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Systemic Importance gets (even more) expensive

12th August 2013. The CFTC issued a press release, announcing the approved final rules to implement enhanced risk management standards for systemically important DCO’s (“SIDCO”). The rules are intended to cohere with the BIS-IOSCO Principles for Financial Market Infrastructures recommendations, enabling the FSB-assessed SIDCO’s to continue as Qualifying Central Counterparties under international capital regulations. The final rules impose the following requirements:

  • SIDCO’s that have a more complex risk profile or that are internationally systemically important, will have to hold increased financial resources– sufficient to withstand the default of their two largest clearing members by exposure.
  • SIDCO’s are prohibited from including “assessment powers” (non-funded guarantee commitments by clearing members) in their default financial resources.
  • SIDCO’s are required to have a continuity/disaster recovery plan sufficiently robust as to enable resumption of full business operations no later than two hours after the disruption, however wide-scale it may be.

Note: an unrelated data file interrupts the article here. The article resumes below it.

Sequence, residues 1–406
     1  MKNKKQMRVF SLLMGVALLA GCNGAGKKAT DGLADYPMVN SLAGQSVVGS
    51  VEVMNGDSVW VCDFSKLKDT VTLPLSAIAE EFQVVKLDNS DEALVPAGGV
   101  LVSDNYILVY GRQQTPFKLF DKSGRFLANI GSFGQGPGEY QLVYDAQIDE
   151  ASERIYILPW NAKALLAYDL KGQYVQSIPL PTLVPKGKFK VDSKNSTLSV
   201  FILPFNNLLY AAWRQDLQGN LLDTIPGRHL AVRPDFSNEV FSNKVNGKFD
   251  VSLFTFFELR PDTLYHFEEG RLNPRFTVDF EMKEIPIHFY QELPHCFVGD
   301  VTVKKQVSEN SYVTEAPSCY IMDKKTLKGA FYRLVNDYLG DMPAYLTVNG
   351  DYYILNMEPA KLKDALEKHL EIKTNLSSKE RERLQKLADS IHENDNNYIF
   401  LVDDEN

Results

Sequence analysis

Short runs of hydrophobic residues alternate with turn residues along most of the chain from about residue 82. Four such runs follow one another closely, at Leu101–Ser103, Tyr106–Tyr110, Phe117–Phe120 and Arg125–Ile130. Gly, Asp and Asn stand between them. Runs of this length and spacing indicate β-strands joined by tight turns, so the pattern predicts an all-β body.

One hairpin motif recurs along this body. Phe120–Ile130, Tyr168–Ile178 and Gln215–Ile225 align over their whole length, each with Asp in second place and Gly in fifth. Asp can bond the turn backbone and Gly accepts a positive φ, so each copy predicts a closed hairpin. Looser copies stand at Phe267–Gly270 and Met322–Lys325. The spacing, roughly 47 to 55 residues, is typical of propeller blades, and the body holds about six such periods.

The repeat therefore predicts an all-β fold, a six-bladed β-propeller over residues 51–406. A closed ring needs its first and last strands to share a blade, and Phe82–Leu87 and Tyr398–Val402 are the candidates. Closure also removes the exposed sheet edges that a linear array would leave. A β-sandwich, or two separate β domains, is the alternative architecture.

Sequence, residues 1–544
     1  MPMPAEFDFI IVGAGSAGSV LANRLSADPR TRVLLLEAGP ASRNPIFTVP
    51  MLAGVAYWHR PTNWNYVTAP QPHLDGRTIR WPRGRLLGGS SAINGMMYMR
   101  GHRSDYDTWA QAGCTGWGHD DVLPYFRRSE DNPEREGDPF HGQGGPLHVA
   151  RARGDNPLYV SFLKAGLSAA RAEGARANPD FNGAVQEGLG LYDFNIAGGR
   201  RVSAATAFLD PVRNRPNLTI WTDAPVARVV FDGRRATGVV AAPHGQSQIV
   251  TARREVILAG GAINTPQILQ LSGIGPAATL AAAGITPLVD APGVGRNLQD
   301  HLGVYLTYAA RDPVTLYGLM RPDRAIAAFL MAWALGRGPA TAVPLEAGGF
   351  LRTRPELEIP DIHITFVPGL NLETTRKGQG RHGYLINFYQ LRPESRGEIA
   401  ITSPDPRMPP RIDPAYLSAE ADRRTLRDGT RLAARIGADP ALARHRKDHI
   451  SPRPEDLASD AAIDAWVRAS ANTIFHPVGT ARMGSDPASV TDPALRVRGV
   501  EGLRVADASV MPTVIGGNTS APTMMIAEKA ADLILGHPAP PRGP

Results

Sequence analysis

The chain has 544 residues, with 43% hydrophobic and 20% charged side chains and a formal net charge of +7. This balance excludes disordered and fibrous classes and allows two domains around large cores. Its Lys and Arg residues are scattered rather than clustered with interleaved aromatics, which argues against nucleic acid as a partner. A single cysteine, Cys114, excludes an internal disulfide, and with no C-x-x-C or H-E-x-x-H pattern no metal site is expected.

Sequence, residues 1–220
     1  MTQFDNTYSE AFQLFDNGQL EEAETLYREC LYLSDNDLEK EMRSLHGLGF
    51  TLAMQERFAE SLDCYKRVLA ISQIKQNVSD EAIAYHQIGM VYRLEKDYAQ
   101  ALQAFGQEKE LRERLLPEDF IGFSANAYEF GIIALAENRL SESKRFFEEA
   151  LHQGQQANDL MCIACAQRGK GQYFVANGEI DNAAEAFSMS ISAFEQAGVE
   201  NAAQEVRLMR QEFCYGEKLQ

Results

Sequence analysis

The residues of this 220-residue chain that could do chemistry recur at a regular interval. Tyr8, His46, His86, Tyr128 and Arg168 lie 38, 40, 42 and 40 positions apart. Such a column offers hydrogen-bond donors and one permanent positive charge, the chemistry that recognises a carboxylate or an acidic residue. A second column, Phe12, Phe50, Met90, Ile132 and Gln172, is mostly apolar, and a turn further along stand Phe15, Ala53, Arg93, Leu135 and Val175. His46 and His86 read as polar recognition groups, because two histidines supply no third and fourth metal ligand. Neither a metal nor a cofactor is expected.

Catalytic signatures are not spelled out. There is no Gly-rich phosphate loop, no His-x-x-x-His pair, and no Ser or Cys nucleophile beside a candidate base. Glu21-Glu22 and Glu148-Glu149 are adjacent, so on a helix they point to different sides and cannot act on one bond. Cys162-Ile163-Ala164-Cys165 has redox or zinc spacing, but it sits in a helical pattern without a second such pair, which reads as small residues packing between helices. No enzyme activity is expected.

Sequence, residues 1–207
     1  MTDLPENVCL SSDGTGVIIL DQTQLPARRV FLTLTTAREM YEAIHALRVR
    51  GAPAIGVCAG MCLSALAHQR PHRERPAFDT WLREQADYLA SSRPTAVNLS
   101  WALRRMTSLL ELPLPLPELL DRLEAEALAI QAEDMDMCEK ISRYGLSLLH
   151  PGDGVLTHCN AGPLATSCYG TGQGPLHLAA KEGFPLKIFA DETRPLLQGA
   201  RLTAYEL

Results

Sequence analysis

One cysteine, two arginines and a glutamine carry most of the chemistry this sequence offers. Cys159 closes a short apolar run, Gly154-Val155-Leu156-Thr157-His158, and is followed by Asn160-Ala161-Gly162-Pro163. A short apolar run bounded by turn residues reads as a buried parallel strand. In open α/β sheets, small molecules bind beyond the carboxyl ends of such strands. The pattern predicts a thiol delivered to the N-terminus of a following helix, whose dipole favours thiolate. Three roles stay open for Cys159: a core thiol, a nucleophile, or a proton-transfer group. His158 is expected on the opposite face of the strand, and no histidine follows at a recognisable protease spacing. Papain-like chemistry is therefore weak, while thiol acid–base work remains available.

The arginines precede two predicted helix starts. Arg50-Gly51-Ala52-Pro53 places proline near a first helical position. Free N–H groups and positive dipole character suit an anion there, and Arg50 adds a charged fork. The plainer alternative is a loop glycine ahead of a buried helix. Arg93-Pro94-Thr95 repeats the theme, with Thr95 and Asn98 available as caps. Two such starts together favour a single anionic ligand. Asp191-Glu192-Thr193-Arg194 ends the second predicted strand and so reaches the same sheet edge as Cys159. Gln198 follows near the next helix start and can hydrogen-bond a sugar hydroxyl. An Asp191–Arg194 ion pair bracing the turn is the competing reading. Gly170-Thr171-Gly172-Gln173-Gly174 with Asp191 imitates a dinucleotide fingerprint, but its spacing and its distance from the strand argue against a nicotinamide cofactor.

The G20 recommendations, as variously implemented by both Dodd-Frank and EMIR have been widely criticised for effectively shifting credit and liquidity risk from the TBTF banks to an even smaller number of systemically important clearing organisations. The minimally prophylactic rules above do little to answer such criticism. The CFTC seem to have focussed on physical disaster recovery, rather than market disaster prevention. The extremely stringent two hour BAU resumption window will require large investment in multiply-redundant systems across every aspect of a SIDCO’s business.

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